Evocations of the God of whom the Bible speaks, teachings the Bible transmits, and biblical vocabulary mediated by art, music, literature, television, and film populate the public and private discourse, the moral and metaphysical imagination, of a very large number of people. Not only Barack Obama, but political opponents like Michelle Bachmann and Rick Perry; not only a conservative Jewish author like Dennis Prager, but a liberal Jewish author like Judith Shulevitz; not only the Archbishop of Canterbury, but ordinary Christians in China, the United States, and India - all worship the God of the Bible as best they know how and enrich their public and private lives with practices and language of biblical origins.
Millions of self-identifying Jews and billions of self-identifying Christians populate the planet. The Bible is a fundamental resource of their life and practice. Believing Jews and Christians concur with Shakespeare’s Hamlet: “There are more things in heaven and earth, Horatio, / Than are dreamt of in your philosophy.” Whereas for Horatio and friends, heaven and earth are bereft of providence; no transcendent beings haunt the world we live in; we have no one to speak to but ourselves.
The world is full of people who think of the Bible as God’s Word addressed to them: “Your word is a lamp before my feet; a light before my path” (Ps 119:105). They consider that word to have life-changing and world-transforming consequences. For them it has private and public value – however much they disagree about the value it has.
There are others - the New Atheists for example - who think of the Bible and its “main character” in extremely negative terms. Biologist Richard Dawkins speaks of God, especially the God of the Old Testament, as a “moral monster”:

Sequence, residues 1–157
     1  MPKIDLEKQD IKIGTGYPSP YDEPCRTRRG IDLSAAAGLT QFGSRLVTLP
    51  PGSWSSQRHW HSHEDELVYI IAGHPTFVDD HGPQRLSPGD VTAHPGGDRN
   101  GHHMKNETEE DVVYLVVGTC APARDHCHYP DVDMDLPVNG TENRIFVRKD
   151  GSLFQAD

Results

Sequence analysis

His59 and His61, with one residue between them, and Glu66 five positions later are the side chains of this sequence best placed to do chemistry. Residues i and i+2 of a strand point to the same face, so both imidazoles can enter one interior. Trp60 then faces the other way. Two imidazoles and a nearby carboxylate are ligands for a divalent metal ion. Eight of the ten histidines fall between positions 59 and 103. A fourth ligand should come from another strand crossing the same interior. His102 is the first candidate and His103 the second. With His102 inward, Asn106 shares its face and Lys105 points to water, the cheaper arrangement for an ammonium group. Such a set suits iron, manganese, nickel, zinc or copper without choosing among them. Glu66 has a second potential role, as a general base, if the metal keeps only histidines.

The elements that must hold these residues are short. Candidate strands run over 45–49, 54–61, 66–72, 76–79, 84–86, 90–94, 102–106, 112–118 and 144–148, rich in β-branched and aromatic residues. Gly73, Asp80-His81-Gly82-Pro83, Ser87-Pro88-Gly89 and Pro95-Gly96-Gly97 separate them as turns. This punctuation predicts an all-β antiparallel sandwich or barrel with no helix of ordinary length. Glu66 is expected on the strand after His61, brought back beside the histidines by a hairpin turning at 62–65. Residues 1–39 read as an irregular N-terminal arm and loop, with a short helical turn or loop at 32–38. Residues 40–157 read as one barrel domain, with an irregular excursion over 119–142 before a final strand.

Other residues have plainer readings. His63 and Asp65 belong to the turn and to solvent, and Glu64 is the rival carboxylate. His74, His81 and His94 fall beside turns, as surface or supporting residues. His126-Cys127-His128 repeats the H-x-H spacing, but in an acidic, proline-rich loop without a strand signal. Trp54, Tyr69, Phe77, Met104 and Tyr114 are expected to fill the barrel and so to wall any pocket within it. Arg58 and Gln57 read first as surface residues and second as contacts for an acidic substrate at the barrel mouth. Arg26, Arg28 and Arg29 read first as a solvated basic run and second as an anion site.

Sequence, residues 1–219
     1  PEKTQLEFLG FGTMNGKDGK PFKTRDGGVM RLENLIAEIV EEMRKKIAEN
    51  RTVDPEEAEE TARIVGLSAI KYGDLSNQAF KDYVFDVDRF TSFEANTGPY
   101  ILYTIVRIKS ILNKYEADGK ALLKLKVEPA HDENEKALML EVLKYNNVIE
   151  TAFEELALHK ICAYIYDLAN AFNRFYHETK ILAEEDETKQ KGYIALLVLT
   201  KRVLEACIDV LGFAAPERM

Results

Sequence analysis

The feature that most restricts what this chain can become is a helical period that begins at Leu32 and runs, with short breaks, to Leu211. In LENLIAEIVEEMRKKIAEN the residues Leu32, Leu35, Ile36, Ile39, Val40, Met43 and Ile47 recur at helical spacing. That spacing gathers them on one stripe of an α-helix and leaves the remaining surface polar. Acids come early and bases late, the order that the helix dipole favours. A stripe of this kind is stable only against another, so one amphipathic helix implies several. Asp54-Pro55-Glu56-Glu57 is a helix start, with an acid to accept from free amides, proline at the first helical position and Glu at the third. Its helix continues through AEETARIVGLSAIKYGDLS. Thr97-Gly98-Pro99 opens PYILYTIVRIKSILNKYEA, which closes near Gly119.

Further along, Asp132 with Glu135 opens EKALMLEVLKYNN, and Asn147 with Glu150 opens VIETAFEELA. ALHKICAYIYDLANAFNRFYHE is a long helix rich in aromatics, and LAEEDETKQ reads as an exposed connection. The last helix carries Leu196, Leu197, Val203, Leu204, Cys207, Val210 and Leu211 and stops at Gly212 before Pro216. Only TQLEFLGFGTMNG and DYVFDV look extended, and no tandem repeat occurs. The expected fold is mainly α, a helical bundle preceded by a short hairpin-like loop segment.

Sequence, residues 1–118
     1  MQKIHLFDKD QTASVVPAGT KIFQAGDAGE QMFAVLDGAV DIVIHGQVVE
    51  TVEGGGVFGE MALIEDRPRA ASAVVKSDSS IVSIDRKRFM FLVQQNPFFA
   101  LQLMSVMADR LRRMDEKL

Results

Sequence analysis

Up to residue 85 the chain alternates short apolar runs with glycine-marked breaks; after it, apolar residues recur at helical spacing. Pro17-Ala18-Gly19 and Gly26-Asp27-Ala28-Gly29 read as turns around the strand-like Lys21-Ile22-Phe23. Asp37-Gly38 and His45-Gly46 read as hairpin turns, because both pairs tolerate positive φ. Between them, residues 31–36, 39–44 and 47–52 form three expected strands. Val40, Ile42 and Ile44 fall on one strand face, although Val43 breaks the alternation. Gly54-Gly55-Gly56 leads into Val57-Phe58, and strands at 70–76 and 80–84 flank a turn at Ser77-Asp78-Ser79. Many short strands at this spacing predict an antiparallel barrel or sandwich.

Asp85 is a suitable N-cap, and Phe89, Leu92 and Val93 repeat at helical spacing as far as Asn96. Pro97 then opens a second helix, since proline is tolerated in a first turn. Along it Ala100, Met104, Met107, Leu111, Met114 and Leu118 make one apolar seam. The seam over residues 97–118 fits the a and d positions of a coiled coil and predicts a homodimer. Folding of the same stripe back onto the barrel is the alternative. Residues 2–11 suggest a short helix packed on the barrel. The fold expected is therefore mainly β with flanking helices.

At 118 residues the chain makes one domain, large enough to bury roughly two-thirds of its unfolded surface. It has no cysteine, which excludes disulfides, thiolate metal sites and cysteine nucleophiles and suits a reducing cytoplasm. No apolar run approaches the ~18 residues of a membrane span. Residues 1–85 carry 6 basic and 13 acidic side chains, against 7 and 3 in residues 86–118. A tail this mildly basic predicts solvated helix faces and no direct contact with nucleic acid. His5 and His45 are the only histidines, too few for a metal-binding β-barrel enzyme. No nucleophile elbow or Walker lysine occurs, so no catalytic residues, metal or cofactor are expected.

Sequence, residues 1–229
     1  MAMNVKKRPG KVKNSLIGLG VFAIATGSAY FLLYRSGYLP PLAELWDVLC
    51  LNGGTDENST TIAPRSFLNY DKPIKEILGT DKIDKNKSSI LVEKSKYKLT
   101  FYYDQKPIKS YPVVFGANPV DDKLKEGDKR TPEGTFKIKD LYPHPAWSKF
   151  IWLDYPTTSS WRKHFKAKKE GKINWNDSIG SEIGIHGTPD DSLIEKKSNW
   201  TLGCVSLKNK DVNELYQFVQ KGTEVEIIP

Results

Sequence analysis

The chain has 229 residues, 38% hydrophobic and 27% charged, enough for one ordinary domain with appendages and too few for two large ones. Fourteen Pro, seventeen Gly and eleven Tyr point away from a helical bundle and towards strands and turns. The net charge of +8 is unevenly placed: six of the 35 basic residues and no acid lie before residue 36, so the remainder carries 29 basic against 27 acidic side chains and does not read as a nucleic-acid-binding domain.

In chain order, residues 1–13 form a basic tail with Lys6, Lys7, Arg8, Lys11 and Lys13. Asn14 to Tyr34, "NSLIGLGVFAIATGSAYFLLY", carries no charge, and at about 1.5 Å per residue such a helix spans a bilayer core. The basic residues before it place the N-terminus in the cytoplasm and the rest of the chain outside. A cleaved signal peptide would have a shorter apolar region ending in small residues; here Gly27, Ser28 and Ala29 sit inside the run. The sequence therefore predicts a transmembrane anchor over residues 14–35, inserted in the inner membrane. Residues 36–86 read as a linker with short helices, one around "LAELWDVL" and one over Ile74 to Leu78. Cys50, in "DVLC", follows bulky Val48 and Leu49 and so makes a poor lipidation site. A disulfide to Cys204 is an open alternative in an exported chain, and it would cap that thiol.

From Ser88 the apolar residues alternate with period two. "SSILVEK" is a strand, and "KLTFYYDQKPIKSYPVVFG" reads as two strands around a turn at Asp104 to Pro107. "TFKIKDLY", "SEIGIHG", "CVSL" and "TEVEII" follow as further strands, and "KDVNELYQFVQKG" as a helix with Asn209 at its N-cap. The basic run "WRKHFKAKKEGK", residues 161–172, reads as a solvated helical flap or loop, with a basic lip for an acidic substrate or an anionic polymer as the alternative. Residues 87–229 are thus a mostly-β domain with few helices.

The God of the Old Testament is arguably the most unpleasant character in all of fiction: jealous and proud of it; a petty, unjust, unforgiving control-freak; a vindictive, bloodthirsty, ethnic cleanser; a misogynistic, homophobic, racist, infanticidal, filicidal, pestilential, megalomaniacal, sadomasochistic, capriciously malevolent bully. [The God Delusion (Boston: Houghton Mifflin, 2006) 31]
If we turn to the Bible itself, we are in for major surprises. The Bible is replete with accusations that the God of whom so much is expected has been a moral monster. Those in God’s face the most are spoken of as God’s servants: Abraham, Moses, David, Jeremiah, Job, Jesus, the martyrs in heaven.
Along the same lines, according to the Bible the world we live in cannot possibly be described as the best of all possible worlds. Though the world – material and spiritual – is good in principle, that same world is understood to be in need of tikkun, a Hebrew word meaning “rectification, healing.”
Given all of the above, it is no wonder that the Bible and its main character are an integral part of public and private discourse. In the thick of life’s contradictions, believers and non-believers alike turn to and sometimes against the God of the Bible, the teachings of the Bible, and/or other features of what literary critic Northrup Frye called “The Great Code.”
But do we understand what the Bible says? If we do, do we know how to persuade others that its contents are helpful or hurtful, according to our point of view, respecting those who disagree?
Ian Young, an Australian professor of biblical literature, said the following: “the greatest obstacle to understanding the Bible is thinking that you already do.” Unless we have already determined that it has nothing to say to us, good or bad, the first thing to do is to read biblical literature afresh, not with eyes wide shut, but as if it were a mirror in which we might see ourselves, and the conflicts around us. The second thing we might do is decide whether we agree with Marx, who said that philosophers have only described the world, the point is to change it. Are the Bible and its tropes a resource in that endeavor, or a stumbling-block in the way?